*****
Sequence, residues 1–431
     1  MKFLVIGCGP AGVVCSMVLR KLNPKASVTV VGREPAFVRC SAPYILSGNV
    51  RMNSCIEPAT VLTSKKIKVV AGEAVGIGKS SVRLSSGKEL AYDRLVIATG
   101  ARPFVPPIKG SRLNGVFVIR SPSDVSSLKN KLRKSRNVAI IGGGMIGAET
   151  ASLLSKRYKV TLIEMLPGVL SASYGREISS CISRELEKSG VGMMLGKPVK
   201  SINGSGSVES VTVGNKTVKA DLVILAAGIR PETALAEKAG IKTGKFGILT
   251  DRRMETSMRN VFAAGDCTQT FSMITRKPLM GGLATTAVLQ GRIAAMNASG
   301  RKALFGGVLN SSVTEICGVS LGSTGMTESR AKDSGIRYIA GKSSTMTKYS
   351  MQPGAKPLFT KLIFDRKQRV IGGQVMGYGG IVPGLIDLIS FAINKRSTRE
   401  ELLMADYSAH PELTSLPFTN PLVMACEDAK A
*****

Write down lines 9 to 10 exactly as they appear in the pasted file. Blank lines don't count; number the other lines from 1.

   351  MQPGAKPLFT KLIFDRKQRV IGGQVMGYGG IVPGLIDLIS FAINKRSTRE
   401  ELLMADYSAH PELTSLPFTN PLVMACEDAK A